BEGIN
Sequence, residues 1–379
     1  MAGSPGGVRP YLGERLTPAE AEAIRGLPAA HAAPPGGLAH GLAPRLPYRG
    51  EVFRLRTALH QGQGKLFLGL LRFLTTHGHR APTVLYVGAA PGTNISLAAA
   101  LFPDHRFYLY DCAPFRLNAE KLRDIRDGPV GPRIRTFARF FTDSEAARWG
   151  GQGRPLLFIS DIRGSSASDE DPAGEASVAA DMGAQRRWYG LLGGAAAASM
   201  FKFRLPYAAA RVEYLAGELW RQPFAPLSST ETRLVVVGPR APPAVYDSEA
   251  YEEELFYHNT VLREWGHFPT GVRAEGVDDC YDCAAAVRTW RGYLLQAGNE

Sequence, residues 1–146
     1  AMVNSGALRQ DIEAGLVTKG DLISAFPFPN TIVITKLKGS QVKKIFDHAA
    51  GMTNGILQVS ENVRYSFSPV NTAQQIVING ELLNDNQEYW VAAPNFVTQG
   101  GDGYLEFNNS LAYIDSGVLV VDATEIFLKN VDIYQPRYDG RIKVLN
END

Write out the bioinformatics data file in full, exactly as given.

Sequence, residues 1–379
     1  MAGSPGGVRP YLGERLTPAE AEAIRGLPAA HAAPPGGLAH GLAPRLPYRG
    51  EVFRLRTALH QGQGKLFLGL LRFLTTHGHR APTVLYVGAA PGTNISLAAA
   101  LFPDHRFYLY DCAPFRLNAE KLRDIRDGPV GPRIRTFARF FTDSEAARWG
   151  GQGRPLLFIS DIRGSSASDE DPAGEASVAA DMGAQRRWYG LLGGAAAASM
   201  FKFRLPYAAA RVEYLAGELW RQPFAPLSST ETRLVVVGPR APPAVYDSEA
   251  YEEELFYHNT VLREWGHFPT GVRAEGVDDC YDCAAAVRTW RGYLLQAGNE

Sequence, residues 1–146
     1  AMVNSGALRQ DIEAGLVTKG DLISAFPFPN TIVITKLKGS QVKKIFDHAA
    51  GMTNGILQVS ENVRYSFSPV NTAQQIVING ELLNDNQEYW VAAPNFVTQG
   101  GDGYLEFNNS LAYIDSGVLV VDATEIFLKN VDIYQPRYDG RIKVLN